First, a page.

Friday, 4 July 2014

Reveries of libraries, the seventh : PURPOSE BUILT

Reveries of libraries, the seventh : PURPOSE BUILT by Philip Harvey
It would be good to have a library where every book was read, even once. The utilitarian ideal of things being made for a purpose stays true inside libraries, where it is expected the accessions will be used. In fact, used without exception. It is meant to be. Books and journals and downloads are there for the purpose of being read. For any one of these items not to be read may, on the face of it, seem a small waste of the librarian’s precious time. Everything purchased is purchased to be read. Books are added for a future reader.

Let me put it another way. It would be good to have a library where the actual reading needs of every user were met, in every particular. If the librarian could read the minds of all borrowers, and in advance of their own needs, then the library would be stocked with exactly what each borrower wants at the time they use the library. Every need will be met, to the letter, even those surprise needs that were a secret to the borrower until they first saw the book in front of them.  

It would be good to have a library where no book was added that wasn’t actually opened. That is the best way of saying it. Our libraries, and standing collections in particular, seem inevitably to hold items whose pages will never see the light of day. They are ordered for every good reason. They fit the development policies of the library. They should, by right and logic, be irresistible reading for the patrons. They come from the best publishing houses and garner favourable, if not ecstatic, reviews. They may even be recommended by tutors or raved about by colleagues. Yet they stay unopened. Reasons may include being hidden on a shelf with all the others, or worse, misshelved permanently, but whatever, they are overlooked. The librarian knows that such books exist in a collection and that another could have been ordered with the same money, a book that had stupendous loan records. Ordering is like that. A one hundred percent success rate is not a promise.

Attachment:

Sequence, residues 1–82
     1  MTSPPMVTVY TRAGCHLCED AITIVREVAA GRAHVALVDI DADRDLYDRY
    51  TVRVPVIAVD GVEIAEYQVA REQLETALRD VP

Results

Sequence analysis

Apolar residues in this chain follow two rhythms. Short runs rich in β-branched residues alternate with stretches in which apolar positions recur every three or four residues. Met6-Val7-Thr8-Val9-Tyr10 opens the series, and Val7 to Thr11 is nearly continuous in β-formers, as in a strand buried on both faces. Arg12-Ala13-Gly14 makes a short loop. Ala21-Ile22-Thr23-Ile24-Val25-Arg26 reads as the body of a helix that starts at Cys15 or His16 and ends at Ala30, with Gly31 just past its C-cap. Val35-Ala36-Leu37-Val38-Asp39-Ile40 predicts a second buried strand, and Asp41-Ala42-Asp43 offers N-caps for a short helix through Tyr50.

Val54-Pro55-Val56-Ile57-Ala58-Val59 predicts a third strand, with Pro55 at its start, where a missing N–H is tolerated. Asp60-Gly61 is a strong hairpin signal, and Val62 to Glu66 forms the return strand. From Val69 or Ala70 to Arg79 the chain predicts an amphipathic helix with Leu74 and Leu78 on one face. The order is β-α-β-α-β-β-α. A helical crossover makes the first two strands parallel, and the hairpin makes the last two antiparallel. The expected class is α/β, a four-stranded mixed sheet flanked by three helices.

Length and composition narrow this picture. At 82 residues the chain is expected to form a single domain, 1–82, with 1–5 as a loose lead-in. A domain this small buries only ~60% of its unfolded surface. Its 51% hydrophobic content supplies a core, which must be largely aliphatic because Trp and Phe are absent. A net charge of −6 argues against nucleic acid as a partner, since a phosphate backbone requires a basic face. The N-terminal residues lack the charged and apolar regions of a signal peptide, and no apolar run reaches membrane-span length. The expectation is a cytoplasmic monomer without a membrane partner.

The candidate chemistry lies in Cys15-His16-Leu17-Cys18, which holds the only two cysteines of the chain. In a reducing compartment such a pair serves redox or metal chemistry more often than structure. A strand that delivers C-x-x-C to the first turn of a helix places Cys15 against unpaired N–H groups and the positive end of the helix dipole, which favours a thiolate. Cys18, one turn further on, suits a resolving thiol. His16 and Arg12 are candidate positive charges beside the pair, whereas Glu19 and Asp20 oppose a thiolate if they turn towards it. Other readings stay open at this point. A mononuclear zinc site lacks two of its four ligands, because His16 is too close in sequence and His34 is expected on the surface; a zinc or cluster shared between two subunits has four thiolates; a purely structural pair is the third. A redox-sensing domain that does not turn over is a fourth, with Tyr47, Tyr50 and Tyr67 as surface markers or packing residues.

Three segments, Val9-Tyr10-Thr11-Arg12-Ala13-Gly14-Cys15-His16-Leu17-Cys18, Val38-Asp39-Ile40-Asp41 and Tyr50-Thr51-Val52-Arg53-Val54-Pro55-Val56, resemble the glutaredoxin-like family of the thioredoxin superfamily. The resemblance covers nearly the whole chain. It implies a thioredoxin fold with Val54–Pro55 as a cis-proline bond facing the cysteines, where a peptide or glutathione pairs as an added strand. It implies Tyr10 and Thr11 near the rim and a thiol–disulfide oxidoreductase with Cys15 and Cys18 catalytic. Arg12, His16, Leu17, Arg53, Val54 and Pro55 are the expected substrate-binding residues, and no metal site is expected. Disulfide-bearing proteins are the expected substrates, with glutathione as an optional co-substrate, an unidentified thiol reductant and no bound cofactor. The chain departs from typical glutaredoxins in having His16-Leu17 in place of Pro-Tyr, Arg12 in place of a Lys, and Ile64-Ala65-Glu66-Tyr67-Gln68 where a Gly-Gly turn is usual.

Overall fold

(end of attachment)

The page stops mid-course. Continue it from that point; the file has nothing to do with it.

This is not the reverie of a borrower, for whom such realities do not enter consciousness. Innocently they enter the library, there to find the very thing they were after in their edenic state.

It is the reverie of a librarian, any amount of whose working life is spent judging, when not guessing, which titles will be read and therefore must be ordered, and which will not. In the public library system there are checks and balances. If a title has not been read after twelve months, i.e. no proof of being borrowed, it is removed from the collection, even if it may have been consulted many times inside the library itself. Permanent collections have a different purpose. Books must not be deaccessioned as they may be the only available copy anywhere, they are there for that destined reader, someone who may only walk into the library years after the book first arrived in the collection. Even its bibliographic record on the online catalogue is useful for researchers, for the information, but also to know it is there.

Meanwhile, the librarian indulges in momentary reverie, over a cup of tea and butternut biscuit, on how the purpose of the librarian could most ideally meet the purpose of the borrower, in a world where nothing is wasted and all desires are met. At the back of their minds, this is an expectation librarians know about each time they return to work.

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